Mentions: We used a 20× objective, which allowed visualisation of the entire MB at once, and recorded responses from the CCB and various MB lobes (Fig. 1A−C), which could be subdivided into the vertical lobe, comprised of the α/α’ lobes, and the medial lobes, comprised of the β/β’ and γ lobes. In the absence of any stimulus, we observed neither basal nor oscillatory Ca2+-activity in the KCs (the constitutive neurons of the MBs). A 1 min application of nicotine (25 μM, at 2 ml/min) evoked a typical response pattern in the MBs. The response started in the CCB and propagated into the axonal projections at the level of the MB lobes (Fig. 1D−F). A typical nicotine-evoked Ca2+-response was composed of two distinct phases in the CCB, and only one phase in the MB lobes. The CCB response first showed a rapid exponential activity increase (0 s corresponds to the beginning of the response), and peaked at approximately 9 s (Fig. 1E). This first phase reached ∼2200 photons/s (ph/s), the signal then decreased slightly for ∼2 s, and rose again to give a second lower peak of ∼1800 ph/s, ∼15 s after the first response started. The responses finally decreased slowly, and terminated after ∼80 s. To simplify, the response can be summarized into two components, which are defined by the first and the second peak. In addition, the use of different angles of view to observe the MB permitted the identification of substructures associated with both response components. The first component corresponds to the response in the calyx (Fig. 1H, green ROI), while the second component, which occurs slightly after, corresponds the response in the cell bodies of the KCs (Fig. 1H, orange ROI). Indeed, a refinement of the two ROIs, which was possible on few flies according to their precise angles of view, allowed spatiotemporal separation of these two components of the response (Fig. 1G). However, as the two components partly overlap in the majority of the flies imaged, it made it difficult to precisely and systematically separate the two components and to define their individual durations. Consequently, only the overall response of the CCB and duration were taken into account in this study.

Bottom Line: Third, genetic manipulation of protein kinase A (PKA), a direct effector of cAMP, suggests that cAMP also has PKA-independent effects through the cyclic nucleotide-gated Ca(2+)-channel (CNG).Finally, the disruption of calmodulin, one of the main regulators of the rutabaga adenylate cyclase (AC), yields different effects in the calyx/cell-bodies and in the lobes, suggesting a differential and regionalized regulation of AC.Our results provide insights into the complex Ca(2+)-response in the MBs, leading to the conclusion that cAMP modulates the Ca(2+)-responses through both PKA-dependent and -independent mechanisms, the latter through CNG-channels.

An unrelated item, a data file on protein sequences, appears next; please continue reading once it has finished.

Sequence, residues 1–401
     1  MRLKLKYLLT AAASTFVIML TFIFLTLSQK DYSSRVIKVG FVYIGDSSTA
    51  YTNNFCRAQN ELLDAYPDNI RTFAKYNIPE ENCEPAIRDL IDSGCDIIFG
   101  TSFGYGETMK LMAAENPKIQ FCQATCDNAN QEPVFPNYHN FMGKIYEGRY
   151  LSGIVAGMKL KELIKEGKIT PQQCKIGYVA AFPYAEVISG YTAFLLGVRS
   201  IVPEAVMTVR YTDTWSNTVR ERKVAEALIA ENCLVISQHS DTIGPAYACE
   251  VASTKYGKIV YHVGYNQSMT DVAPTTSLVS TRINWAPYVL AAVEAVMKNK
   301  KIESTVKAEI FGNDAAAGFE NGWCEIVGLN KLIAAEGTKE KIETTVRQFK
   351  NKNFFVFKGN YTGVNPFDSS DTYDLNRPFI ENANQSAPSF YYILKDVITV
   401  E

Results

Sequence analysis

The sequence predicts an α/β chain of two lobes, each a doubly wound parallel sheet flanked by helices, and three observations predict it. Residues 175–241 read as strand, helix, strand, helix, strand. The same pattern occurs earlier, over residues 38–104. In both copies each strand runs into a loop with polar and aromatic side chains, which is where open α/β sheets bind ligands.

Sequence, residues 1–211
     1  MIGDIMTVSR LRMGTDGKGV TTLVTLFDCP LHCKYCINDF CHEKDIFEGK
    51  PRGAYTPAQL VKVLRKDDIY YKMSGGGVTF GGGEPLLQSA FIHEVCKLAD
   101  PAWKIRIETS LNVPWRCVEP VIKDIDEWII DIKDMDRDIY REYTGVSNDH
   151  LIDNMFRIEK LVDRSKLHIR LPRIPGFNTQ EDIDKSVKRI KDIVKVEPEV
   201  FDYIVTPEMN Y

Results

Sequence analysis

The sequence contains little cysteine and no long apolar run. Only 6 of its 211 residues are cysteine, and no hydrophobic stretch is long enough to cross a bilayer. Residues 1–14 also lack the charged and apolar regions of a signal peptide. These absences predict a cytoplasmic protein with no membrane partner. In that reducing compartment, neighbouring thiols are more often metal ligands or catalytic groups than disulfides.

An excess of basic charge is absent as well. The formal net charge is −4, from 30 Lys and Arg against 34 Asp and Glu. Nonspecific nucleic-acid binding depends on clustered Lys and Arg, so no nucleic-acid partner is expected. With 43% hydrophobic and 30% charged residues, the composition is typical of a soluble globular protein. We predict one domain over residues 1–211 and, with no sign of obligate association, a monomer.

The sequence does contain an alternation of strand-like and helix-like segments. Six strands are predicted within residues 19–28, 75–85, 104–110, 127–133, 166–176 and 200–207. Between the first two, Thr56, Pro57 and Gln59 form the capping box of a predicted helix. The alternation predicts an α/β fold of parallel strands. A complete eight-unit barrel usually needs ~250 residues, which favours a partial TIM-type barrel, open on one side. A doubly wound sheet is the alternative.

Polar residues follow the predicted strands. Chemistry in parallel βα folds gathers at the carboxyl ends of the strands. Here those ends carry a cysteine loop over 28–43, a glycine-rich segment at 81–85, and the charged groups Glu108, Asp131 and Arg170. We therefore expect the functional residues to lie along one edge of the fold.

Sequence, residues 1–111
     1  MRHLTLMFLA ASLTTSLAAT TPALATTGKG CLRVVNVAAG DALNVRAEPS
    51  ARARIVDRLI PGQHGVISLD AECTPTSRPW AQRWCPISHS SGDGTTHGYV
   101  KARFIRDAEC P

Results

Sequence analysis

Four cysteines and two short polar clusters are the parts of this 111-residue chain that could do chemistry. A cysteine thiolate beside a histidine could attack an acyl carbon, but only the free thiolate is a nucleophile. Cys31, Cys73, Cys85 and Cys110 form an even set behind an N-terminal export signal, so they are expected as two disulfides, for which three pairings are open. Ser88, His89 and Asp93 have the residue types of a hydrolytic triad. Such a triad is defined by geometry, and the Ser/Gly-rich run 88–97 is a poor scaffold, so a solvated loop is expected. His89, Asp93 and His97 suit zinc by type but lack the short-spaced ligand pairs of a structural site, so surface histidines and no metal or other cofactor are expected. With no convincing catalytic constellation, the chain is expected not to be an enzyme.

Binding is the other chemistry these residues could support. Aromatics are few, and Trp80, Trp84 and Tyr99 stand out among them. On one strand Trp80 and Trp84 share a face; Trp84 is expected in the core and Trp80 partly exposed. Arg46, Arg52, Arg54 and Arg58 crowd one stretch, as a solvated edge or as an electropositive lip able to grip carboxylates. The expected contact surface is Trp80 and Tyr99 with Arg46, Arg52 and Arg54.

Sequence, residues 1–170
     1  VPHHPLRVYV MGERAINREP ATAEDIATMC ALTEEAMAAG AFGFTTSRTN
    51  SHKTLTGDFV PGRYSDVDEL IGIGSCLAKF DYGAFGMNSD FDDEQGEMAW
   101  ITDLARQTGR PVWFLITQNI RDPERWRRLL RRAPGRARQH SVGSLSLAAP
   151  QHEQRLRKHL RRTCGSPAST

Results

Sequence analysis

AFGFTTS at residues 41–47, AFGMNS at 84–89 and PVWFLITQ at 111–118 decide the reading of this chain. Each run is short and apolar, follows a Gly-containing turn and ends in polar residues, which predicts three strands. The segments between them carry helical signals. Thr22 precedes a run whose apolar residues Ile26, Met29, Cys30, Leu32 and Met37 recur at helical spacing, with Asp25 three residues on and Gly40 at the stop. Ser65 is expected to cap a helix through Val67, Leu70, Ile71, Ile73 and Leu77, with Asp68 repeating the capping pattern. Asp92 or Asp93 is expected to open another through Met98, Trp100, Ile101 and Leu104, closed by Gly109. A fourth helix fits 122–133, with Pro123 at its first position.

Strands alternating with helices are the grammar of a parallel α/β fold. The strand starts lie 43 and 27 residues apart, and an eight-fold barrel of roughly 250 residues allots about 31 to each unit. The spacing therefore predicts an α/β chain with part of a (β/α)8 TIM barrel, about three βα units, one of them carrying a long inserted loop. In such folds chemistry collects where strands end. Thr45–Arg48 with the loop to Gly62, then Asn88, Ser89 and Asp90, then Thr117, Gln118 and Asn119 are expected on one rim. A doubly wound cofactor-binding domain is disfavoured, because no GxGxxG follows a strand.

View Article: PubMed Central - HTML - PubMed

Affiliation: Institut des Neurosciences Paris-Saclay (Neuro-PSI), UMR-9197, CNRS/Université Paris Sud , 91198, Gif-sur-Yvette, France.

ABSTRACT
The mushroom bodies (MBs), one of the main structures in the adult insect brain, play a critical role in olfactory learning and memory. Though historical genes such as dunce and rutabaga, which regulate the level of cAMP, were identified more than 30 years ago, their in vivo effects on cellular and physiological mechanisms and particularly on the Ca(2+)-responses still remain largely unknown. In this work, performed in Drosophila, we took advantage of in vivo bioluminescence imaging, which allowed real-time monitoring of the entire MBs (both the calyx/cell-bodies and the lobes) simultaneously. We imaged neuronal Ca(2+)-activity continuously, over a long time period, and characterized the nicotine-evoked Ca(2+)-response. Using both genetics and pharmacological approaches to interfere with different components of the cAMP signaling pathway, we first show that the Ca(2+)-response is proportional to the levels of cAMP. Second, we reveal that an acute change in cAMP levels is sufficient to trigger a Ca(2+)-response. Third, genetic manipulation of protein kinase A (PKA), a direct effector of cAMP, suggests that cAMP also has PKA-independent effects through the cyclic nucleotide-gated Ca(2+)-channel (CNG). Finally, the disruption of calmodulin, one of the main regulators of the rutabaga adenylate cyclase (AC), yields different effects in the calyx/cell-bodies and in the lobes, suggesting a differential and regionalized regulation of AC. Our results provide insights into the complex Ca(2+)-response in the MBs, leading to the conclusion that cAMP modulates the Ca(2+)-responses through both PKA-dependent and -independent mechanisms, the latter through CNG-channels.

No MeSH data available.


Related in: MedlinePlus